Preston Preview: Texas’ 2018-19 offense

Matt Coleman (Will Gallagher/IT)

Matt Coleman (Will Gallagher/IT)

If you’ve been listening to our Pretend We’re Football Podcast (and judging by the analytic numbers…you haven’t), you’d know that one of the reasons for some of the heightened expectations this season is Texas’ quasi-veteran laden lineup.

And, while the quasi part might not make you feel all that great, take heart that it’s not the same absolutely-not-f***ing-veteran-laden-at-all lineup of Shaka’s last two years.

Indeed, it’s just about guaranteed that at least four of the five Texas starters will be sophomores or older this year with five out of five being a distinct possibility.

We’ll get to the roster in a subsequent post, but let’s talk about the offense.

While the offense wasn’t quite as bad as it looked last year (89th out of 351 D1 teams in offensive efficiency last season), it also wasn’t some kind of work of Da Vinci-ian beauty.

Time after time after time after time last year, Texas’ offensive setup required them to be in the below setup.

offensive setup basketball

Sometimes the angle/personnel would change but, essentially, that was where Texas seemingly had to be in order to initiate action last season in their offensive sets.

So, while they could talk all about wanting to play fast or wanting to push tempo, Shaka thought/knew/whatever that the best chance for Texas to get a clean look in their offensive sets was for the offense to get into those positions and then go from there.

Meaning, if it took Texas 12 seconds to get into that set (that’s pretty high, admittedly), then that’s what it took. And, then, only after they got into that set could they set in motion their offense.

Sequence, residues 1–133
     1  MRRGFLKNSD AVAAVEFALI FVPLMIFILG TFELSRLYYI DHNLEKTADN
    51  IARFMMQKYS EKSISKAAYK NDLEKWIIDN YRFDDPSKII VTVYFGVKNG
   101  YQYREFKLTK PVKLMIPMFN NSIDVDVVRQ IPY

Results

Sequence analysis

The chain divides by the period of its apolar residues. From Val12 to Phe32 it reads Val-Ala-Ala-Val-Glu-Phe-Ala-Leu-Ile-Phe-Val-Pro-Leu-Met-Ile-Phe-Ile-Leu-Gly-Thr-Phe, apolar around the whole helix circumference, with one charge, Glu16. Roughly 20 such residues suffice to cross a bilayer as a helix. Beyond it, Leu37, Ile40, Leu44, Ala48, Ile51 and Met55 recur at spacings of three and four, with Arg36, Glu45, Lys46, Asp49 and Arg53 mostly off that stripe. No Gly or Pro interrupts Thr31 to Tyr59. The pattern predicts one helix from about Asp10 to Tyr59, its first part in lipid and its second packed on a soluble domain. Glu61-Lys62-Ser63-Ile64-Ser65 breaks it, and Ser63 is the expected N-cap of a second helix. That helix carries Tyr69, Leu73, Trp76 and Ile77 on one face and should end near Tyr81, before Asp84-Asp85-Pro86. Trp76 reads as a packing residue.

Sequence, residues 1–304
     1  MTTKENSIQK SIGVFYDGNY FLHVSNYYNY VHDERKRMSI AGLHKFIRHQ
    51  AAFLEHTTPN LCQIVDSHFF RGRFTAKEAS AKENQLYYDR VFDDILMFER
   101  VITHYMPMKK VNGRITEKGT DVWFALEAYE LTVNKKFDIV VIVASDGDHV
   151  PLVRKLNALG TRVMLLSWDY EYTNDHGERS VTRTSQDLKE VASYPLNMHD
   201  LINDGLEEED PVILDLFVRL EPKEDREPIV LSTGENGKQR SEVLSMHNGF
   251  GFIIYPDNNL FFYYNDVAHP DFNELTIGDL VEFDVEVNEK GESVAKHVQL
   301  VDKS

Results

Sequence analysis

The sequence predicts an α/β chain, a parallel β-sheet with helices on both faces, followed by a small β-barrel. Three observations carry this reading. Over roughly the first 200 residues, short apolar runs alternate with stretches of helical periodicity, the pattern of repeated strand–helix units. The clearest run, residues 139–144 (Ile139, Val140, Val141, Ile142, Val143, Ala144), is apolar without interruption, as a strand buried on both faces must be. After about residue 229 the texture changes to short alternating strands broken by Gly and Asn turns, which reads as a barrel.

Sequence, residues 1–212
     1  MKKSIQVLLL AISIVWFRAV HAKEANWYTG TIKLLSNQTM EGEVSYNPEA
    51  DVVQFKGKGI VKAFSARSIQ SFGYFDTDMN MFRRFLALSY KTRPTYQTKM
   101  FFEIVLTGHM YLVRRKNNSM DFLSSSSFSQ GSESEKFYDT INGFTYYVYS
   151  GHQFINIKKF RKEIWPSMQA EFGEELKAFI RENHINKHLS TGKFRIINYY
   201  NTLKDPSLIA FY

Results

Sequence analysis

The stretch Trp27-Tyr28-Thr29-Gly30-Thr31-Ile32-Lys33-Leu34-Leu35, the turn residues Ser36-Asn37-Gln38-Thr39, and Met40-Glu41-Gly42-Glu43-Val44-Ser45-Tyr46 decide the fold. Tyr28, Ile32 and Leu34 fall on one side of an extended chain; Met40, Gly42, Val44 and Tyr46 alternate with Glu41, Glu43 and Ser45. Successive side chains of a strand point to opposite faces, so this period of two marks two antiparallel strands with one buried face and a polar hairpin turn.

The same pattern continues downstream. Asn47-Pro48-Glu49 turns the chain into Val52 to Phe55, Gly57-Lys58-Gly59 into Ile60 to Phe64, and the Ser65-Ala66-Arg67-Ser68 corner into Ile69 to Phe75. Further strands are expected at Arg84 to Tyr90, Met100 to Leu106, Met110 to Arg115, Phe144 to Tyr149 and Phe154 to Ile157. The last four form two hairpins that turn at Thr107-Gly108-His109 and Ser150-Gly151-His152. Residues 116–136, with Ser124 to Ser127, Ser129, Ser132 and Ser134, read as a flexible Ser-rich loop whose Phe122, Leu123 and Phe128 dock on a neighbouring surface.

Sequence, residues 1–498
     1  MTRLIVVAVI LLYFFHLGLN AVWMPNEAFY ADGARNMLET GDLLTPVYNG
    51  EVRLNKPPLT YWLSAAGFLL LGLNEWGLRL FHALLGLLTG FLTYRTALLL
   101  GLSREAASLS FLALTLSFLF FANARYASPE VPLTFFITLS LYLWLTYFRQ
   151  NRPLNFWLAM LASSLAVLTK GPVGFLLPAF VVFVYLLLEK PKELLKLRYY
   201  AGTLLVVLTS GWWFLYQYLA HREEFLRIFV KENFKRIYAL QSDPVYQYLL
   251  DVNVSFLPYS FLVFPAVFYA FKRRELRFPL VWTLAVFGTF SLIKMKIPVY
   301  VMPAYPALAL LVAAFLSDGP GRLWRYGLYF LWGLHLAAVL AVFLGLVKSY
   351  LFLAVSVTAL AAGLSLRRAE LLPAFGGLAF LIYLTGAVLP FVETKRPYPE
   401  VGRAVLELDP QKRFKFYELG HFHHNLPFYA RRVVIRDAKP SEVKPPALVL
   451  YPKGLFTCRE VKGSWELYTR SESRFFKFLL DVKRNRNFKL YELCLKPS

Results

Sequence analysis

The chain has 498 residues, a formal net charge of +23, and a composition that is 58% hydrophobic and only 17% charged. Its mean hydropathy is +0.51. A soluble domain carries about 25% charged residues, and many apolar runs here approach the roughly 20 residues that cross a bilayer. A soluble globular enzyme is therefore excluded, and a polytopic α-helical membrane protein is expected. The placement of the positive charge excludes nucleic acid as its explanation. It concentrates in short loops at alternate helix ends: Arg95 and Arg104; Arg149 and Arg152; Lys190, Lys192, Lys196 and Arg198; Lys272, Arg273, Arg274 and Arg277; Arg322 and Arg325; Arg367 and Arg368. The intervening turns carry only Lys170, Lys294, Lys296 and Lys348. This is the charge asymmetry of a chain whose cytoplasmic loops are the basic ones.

One of the biggest issues in waiting for a set to initiate an offense works both ways. Many times that elongated timeframe also allowed the defense to get set and start their defensive assignments in earnest as opposed to recovering against an attacking offense.

Seven Seconds

That’s the buzz word this year.

Texas wants to be initiating their offensive system within the first seven seconds of the shot clock.

The thought process is pretty simple:

·Coleman, Roach, Long and Ramey (plus, potentially, Jones) can all initiate offense early with the ball in their hands
·Texas’ roster is jam packed with athletes who can move and finish
·The collective hoops IQ of this roster has improved significantly with the last couple of recruiting classes
·Coleman and Roach have both shown a strong ability to convert/generate fouls when they can attack against retreating/un-set defenses

There are, potentially, some issues:

·Rebounding, this year, will be an all-hands-on-deck affair, so run-outs could be at a premium
·Depth is there, but playing faster can lead to foul trouble (Coleman and Roach, wink wink), so playing intelligently will be crucial
·Previous iterations of this team have had issues with distinguishing between early shots and high quality shots

Continuity

The other wrinkle that Texas will look to incorporate is an idea called continuity. Continuity is the concept that the last 7-10 seconds of a shot clock will shift to an individually rotating set of movements designed to highlight a players’ personal skill sets.

Again, the idea is simple: create action where players have a cyclical/pre-determined motion at the end of plays that would lead to them getting the ball in their most-effective situation

·Sims flashing to the rim
·Osetkowski on flares
·Kerwin attacking weakside
·Febres/Long brushing off screens or shifting to the corners
·Etc.

This will normally happen in breakdown or late-clock situations when plays either lost their flow or were forced into check down looks if penetration led to a safety-valve kickout.

Endgame

It’s not overstating it to say that a Shaka Smart team that can figure out its offensive efficiency is a scary thing for the rest of college basketball. Athleticism, skill, defense.

Shaka’s teams have those things in spades.

Now we just need to see the ball go through the hoop.